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Criminalising Coercive Control in Queensland

Coercive control is a pattern of assault, threats, intimidation, humiliation, and other abuse that erodes a person's autonomy and ability to flourish.


Coercive control is a pattern of assault, threats, intimidation, humiliation, and other abuse that erodes a person's autonomy and ability to flourish. Many victim survivors of intimate partner violence describe coercive control as the most harmful aspect of their abusive relationship. Victims – who are mostly women – may be trapped in a relationship characterised by fear and manipulation for decades without any physical violence, but the torment is just as devastating.

This abhorrent misuse of power in a relationship is currently not a crime in Australia, apart from some partial coverage in Tasmania via their emotional abuse criminal reforms.

When White Ribbon Australia (WRA) relaunched in June 2020, we committed to utilising the influence of this well-recognised national movement to advocate for structural, systemic and political reform. Jess Hill's acclaimed book "See What You Made Me Do", consultation with a range of women's safety services and survivor advocates, and the horrific public murder of Hannah Clarke and her three children – in what was the first physical violence in a long-term abusive relationship characterised by coercive control – influenced the decision to make the criminalisation of coercive control one of the first advocacy goals for the White Ribbon Australia movement.

In Queensland, Hannah Clarke's parents Sue and Lloyd had called for coercive control to be criminalised in the months after her murder. The LNP Opposition party had backed this call and wanted legislation moved through Parliament quickly. However, the women's safety sector and women's legal services, who supported the intent, recognised that such a complex law needed careful consideration, training for police and the judiciary and a public education campaign if the reform was the have the impact they hoped for.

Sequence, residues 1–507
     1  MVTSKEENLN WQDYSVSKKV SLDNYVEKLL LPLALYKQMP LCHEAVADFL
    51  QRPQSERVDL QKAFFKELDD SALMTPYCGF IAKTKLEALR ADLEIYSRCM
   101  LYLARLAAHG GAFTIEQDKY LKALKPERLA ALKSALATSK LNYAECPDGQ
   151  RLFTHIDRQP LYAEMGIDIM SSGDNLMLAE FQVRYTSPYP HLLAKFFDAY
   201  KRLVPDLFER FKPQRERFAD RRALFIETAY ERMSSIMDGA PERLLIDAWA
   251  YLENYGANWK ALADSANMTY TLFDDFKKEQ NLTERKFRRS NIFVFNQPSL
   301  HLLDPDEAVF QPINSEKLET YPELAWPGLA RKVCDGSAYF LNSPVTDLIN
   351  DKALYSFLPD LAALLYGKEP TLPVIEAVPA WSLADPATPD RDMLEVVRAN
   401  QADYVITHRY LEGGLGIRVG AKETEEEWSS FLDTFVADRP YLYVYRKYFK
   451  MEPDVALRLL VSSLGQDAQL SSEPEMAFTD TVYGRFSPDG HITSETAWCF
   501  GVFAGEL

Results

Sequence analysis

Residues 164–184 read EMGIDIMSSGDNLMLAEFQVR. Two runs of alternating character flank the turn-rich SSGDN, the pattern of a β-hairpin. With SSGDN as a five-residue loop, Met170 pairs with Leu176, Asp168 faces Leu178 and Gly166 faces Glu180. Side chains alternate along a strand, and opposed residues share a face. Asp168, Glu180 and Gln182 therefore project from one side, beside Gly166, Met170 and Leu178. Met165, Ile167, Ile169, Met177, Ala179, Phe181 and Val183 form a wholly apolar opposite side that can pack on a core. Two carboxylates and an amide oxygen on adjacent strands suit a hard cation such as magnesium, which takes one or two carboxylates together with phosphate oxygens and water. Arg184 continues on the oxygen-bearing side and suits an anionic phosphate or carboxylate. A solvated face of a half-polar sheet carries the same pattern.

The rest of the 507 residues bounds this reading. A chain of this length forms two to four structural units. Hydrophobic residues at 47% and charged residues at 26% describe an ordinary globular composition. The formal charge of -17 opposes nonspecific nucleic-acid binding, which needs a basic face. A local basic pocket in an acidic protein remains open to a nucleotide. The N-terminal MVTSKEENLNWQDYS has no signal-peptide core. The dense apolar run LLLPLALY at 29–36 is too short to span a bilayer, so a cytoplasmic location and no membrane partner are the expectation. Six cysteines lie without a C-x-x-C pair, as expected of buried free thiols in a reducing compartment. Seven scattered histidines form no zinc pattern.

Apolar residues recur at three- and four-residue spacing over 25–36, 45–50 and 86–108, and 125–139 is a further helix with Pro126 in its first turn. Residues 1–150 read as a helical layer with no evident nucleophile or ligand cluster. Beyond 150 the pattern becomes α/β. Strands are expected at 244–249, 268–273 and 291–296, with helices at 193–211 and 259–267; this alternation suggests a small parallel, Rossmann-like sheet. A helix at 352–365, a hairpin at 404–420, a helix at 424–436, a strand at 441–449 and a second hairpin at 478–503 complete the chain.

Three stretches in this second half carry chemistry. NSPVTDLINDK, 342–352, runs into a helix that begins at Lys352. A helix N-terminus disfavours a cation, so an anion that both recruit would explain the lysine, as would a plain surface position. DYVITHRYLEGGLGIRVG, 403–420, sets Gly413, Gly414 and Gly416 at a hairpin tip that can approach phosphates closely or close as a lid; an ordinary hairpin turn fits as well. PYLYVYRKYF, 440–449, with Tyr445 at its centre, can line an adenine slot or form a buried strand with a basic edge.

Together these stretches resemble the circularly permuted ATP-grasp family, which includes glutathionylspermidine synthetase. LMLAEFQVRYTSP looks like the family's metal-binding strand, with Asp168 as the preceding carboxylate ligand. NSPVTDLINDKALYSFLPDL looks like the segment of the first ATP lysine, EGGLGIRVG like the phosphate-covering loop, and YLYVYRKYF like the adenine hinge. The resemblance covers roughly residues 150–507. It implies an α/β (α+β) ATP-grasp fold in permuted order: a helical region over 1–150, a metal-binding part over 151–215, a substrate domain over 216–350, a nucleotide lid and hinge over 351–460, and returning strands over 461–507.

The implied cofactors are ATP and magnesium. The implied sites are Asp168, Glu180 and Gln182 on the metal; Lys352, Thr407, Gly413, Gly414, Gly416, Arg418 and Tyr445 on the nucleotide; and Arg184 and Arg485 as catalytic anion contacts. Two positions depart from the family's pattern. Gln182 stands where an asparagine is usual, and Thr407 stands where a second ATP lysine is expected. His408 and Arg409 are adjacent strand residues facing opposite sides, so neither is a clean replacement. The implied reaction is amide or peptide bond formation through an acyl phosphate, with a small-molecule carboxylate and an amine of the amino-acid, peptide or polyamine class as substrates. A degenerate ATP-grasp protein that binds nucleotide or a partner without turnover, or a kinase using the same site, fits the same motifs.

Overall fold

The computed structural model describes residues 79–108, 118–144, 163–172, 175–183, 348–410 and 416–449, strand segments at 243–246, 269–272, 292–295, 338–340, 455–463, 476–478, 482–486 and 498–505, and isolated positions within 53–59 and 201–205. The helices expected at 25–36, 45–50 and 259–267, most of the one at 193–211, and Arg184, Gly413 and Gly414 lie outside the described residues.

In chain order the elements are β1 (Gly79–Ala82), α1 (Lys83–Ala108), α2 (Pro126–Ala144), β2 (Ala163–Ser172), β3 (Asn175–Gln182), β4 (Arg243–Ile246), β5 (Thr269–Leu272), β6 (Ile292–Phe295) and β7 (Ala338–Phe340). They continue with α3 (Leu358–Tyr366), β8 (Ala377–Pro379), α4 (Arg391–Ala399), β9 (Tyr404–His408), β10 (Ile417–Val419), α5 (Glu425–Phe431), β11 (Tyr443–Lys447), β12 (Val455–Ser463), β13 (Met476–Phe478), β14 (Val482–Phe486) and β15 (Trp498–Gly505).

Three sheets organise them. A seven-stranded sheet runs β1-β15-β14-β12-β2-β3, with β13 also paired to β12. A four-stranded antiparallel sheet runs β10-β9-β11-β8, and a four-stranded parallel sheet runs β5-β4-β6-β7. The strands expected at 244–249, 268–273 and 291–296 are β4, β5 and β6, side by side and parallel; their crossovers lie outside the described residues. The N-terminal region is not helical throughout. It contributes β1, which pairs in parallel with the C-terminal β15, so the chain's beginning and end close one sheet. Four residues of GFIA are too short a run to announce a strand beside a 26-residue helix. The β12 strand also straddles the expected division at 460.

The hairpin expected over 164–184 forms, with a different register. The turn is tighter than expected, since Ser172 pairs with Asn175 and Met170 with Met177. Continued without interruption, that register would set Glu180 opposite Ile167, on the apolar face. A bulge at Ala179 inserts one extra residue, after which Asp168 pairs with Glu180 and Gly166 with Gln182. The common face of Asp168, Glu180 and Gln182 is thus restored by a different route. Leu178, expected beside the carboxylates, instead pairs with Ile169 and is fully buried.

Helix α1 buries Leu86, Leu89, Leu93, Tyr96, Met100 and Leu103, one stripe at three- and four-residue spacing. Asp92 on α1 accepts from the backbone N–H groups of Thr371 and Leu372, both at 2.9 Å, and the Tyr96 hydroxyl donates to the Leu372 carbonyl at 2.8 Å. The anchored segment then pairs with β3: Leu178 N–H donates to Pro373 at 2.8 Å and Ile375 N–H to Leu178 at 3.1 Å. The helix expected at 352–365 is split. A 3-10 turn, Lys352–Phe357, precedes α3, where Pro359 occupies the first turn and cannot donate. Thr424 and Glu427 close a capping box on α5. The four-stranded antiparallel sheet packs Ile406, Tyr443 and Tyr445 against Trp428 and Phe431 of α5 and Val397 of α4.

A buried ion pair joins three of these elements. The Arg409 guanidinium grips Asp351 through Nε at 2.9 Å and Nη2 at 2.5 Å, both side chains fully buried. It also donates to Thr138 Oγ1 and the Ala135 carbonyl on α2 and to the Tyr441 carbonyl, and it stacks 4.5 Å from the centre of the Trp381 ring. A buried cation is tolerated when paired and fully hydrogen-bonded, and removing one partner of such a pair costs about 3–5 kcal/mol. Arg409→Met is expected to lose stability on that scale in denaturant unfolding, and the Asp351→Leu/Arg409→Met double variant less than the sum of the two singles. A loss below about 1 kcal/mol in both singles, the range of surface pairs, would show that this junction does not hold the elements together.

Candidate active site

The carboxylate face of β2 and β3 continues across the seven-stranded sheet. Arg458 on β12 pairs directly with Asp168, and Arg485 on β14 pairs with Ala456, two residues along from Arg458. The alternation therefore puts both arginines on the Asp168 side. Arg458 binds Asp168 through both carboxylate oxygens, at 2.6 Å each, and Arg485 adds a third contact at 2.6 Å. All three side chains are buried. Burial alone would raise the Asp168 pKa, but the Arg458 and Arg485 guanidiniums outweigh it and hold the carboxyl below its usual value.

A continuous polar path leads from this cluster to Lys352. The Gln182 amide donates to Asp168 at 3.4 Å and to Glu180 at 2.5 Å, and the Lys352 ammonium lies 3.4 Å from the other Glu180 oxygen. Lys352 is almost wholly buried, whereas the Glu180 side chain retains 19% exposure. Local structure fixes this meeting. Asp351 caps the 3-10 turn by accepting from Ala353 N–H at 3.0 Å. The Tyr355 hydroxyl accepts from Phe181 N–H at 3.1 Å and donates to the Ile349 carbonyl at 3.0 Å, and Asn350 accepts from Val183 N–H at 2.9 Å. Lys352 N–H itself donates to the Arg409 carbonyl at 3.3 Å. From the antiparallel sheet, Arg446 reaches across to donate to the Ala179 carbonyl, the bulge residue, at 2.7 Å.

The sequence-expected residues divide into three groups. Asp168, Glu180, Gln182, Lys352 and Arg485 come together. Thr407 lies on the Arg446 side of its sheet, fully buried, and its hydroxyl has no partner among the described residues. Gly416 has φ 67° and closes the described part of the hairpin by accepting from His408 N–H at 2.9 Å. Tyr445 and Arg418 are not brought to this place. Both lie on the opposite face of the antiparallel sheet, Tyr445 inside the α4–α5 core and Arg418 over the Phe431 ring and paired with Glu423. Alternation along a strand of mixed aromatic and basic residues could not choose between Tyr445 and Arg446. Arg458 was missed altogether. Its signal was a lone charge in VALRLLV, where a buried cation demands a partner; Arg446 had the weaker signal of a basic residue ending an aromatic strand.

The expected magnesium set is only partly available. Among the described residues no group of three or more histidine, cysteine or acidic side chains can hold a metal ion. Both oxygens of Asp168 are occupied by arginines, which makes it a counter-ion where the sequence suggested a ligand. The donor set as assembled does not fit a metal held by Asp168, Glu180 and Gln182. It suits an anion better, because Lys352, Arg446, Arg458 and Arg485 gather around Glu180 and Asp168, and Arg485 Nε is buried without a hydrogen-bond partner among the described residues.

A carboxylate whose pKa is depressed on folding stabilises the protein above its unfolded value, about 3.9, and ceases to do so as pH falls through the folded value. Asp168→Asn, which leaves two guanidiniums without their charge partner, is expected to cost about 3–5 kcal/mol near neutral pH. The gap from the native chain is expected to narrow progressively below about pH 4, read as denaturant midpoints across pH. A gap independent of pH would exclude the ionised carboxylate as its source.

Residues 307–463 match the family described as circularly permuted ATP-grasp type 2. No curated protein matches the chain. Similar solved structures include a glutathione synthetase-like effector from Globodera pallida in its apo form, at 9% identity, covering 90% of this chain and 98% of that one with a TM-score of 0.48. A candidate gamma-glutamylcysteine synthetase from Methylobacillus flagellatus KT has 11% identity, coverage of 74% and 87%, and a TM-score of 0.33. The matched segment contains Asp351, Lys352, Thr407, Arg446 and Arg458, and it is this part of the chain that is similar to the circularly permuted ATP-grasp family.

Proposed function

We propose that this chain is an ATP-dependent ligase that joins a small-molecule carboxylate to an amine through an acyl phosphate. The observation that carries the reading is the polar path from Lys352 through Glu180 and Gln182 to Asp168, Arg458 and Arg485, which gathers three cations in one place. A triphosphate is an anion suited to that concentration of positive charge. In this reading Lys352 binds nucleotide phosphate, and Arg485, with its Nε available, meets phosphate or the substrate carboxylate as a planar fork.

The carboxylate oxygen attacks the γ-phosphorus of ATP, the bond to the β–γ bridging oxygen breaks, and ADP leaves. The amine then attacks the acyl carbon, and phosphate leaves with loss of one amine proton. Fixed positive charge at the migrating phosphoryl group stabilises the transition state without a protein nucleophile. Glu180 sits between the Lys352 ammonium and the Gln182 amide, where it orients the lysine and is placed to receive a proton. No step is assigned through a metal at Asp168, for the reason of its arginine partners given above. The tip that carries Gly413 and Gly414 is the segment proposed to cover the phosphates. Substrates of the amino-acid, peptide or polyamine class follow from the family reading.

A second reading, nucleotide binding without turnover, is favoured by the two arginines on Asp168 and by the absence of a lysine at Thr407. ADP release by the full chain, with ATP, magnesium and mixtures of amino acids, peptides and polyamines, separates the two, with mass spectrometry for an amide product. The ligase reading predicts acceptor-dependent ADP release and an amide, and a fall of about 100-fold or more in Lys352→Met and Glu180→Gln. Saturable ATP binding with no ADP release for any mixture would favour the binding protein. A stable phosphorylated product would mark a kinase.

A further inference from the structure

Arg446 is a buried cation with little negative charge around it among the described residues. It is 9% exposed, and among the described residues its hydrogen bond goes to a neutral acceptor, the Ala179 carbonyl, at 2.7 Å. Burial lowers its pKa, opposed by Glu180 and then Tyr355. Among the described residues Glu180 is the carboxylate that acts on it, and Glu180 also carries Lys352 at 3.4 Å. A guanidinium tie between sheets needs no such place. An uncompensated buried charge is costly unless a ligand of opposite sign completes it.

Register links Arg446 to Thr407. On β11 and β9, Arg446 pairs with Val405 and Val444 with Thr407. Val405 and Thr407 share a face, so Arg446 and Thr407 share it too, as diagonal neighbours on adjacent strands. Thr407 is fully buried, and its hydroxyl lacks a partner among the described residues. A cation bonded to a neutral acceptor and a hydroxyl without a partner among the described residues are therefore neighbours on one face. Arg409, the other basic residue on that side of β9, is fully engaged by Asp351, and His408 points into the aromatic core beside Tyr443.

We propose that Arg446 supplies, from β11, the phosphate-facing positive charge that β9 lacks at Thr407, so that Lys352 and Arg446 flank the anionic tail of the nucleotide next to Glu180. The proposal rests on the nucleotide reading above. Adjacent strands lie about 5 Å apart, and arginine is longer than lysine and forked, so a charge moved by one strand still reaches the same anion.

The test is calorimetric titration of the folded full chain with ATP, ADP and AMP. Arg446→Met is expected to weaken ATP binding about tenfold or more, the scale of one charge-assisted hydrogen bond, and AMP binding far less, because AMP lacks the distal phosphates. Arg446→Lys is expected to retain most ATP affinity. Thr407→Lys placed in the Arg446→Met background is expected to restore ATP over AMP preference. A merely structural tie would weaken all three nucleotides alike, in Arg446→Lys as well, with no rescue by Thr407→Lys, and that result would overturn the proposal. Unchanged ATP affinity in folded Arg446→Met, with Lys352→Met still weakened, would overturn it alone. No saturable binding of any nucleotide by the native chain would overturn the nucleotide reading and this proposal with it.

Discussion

With an election due in October 2020, White Ribbon Australia realised that this could be an opportunity to have bi-partisan support for this major legal reform. Working with Small Steps 4 Hannah, Brisbane Domestic Violence Service and Women's Legal Service Queensland, a broad coalition of groups was brought together, over dinner, to discuss how they might collaborate to advocate for change. A joint letter and media release with around ten organisations, including the Queensland Council of Unions, saw the Deputy Premier of Queensland promise the alliance "the best response to coercive control in the world." However, it was not quite a commitment to criminalisation.

The joint letter asked not only for a commitment to criminalise, but two other asks – 1) broad and careful consultation and 2) training and education for police, the judiciary and the community.

After the Labor Government was successfully re-elected for another term, they appointed a new Attorney General, Shannon Fentiman MP – who was also to be Minister for the Prevention of Domestic and Family Violence. She quickly strengthened the Government's commitment to the criminalisation of coercive control, a significant win for our collective advocacy.

White Ribbon Australia and Brisbane Domestic Violence Service invited two international experts, Dr Marsha Scott from Scotland and Laura Richards from England, to speak to another dinner gathering of Queensland organisations to discuss coercive control. This time, 18 organisations were represented including many who were not convinced criminalising coercive control was the right thing to do.

After hearing from the experts and a lengthy discussion led by WRA and BDVS, a joint letter drafted by WRA and then co-signed by all 18 organisations was sent to the Attorney-General – who that week announced a task force to lead the path towards the criminalisation of coercive control and publicly backed all of the recommendations in the Alliance's requests – broad consultation, especially of already marginalised and over-criminalised communities, training of first responders, police and the judiciary and a large public education campaign. Many of the Attorney-General's words mirrored the language in the letters from the sector alliance.

Queensland is now committed to criminalising coercive control, likely in the first half of 2022, after undertaking the consultation that WRA and the sector have asked for, carefully crafting the legislation and then committing to training and educating all of those who will be impacted by it.

This is a huge victory for all who have been a part of this campaign and demonstrates the power of both collaboration and advocacy for creating historic systemic change that will transform the way Queenslanders understand family and domestic violence and allow victim to see their experience and story in the criminal code for the first time.

Image by AreMedia.

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